A few days ago, the unstoppable Bob Baker asked me to write my predictions for marketing your music in 2012. I was included amongst a list of incredible thought leaders and it sparked a conversation here in the Cyber PR Office. So I asked my trustworthy team to share their own predictions for this coming year. Here they are:

Ariel Hyatt – President Ariel Publicity
Founder of Cyber PR®
Twitter: @CyberPR

1. Staying Positive and In Gratitude Will Help Tremendously
Before I make any music marketing trends and predictions for 2012 here’s where to start:
Remember, success in today’s quicksand like music business is HARD and takes WORK, getting into a negative, overwhelmed and angry place will directly effect your success. I’ve seen it now thousands of times in 12 countries. The artists I know who manage to stay positive and who are grateful for the little wins and for the small miracles are happier, more successful and go farther than their counterparts who let it all get the best of them.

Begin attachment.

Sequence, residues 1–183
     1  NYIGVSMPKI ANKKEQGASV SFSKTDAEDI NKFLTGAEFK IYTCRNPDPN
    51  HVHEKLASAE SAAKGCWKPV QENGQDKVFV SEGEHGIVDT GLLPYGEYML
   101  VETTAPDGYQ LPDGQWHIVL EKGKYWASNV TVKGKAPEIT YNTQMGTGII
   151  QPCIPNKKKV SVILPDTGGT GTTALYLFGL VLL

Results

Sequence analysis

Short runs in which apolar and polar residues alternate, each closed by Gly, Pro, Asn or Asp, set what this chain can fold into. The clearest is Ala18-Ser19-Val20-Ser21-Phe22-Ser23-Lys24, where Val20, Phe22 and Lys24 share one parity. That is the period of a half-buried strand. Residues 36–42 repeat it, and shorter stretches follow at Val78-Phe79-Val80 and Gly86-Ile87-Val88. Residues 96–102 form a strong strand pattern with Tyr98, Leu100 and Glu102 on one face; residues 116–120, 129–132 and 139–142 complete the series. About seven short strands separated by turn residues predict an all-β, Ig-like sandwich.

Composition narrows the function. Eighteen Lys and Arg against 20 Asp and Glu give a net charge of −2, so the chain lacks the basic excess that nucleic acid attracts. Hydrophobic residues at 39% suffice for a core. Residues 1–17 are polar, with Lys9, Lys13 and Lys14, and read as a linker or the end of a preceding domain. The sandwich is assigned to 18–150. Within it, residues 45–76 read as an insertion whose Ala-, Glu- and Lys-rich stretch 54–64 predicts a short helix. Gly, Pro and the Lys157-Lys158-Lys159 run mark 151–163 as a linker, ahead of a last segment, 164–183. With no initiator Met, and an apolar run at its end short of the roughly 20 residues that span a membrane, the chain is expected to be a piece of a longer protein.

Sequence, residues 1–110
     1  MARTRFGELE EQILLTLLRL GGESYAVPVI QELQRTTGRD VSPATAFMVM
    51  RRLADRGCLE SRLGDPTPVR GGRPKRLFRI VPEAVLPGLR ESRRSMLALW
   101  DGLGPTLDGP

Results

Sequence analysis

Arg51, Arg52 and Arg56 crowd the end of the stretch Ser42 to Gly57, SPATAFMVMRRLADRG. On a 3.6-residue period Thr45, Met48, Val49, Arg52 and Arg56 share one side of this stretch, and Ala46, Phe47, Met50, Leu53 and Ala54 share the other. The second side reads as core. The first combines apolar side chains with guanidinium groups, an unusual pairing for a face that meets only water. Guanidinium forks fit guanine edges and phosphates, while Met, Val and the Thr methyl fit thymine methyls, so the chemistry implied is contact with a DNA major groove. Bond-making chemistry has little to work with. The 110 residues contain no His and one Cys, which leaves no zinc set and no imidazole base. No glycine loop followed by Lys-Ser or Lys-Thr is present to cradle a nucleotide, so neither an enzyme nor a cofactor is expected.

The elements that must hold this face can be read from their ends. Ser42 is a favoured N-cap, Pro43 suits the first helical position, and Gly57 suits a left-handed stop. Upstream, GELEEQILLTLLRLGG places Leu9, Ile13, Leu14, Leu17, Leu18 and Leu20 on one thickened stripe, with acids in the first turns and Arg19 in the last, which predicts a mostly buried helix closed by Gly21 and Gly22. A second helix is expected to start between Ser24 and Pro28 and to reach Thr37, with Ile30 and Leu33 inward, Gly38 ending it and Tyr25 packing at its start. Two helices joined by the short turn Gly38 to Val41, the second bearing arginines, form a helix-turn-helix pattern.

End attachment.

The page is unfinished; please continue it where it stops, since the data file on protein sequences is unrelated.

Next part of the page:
2. Music Subscription Sites Will Continue To Takeover
Spotify, Rdio, Rhapsody, Deezer MOG & Slacker.
These subscription based streaming sites are great for music consumers & not so great for artists. To stay ahead of the pack smart artist markers are going to have to come up with clever ways to incorporate their music and sharing on these powerful platforms that have music consumers going gaga. Sadly this will mean less revenue from sales of music but could provide great opportunities for discovery based creative marketers

3. Be Mobile
It’s been on the horizon for a long time but smart phones are getting smarter and apps developers are getting more nimble and options more affordable. Smart Musician marketers will need to have a mobile strategy moving ahead.